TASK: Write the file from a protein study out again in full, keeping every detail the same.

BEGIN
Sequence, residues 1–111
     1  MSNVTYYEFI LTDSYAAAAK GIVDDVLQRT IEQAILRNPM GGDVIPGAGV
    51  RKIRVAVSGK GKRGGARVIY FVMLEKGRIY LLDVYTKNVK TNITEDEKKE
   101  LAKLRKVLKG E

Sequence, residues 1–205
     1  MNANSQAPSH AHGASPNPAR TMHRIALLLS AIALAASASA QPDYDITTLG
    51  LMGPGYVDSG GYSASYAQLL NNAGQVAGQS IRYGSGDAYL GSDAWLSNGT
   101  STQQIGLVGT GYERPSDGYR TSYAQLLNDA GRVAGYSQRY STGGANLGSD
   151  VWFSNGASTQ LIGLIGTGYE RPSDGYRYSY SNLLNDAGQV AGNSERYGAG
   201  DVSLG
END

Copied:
Sequence, residues 1–111
     1  MSNVTYYEFI LTDSYAAAAK GIVDDVLQRT IEQAILRNPM GGDVIPGAGV
    51  RKIRVAVSGK GKRGGARVIY FVMLEKGRIY LLDVYTKNVK TNITEDEKKE
   101  LAKLRKVLKG E

Sequence, residues 1–205
     1  MNANSQAPSH AHGASPNPAR TMHRIALLLS AIALAASASA QPDYDITTLG
    51  LMGPGYVDSG GYSASYAQLL NNAGQVAGQS IRYGSGDAYL GSDAWLSNGT
   101  STQQIGLVGT GYERPSDGYR TSYAQLLNDA GRVAGYSQRY STGGANLGSD
   151  VWFSNGASTQ LIGLIGTGYE RPSDGYRYSY SNLLNDAGQV AGNSERYGAG
   201  DVSLG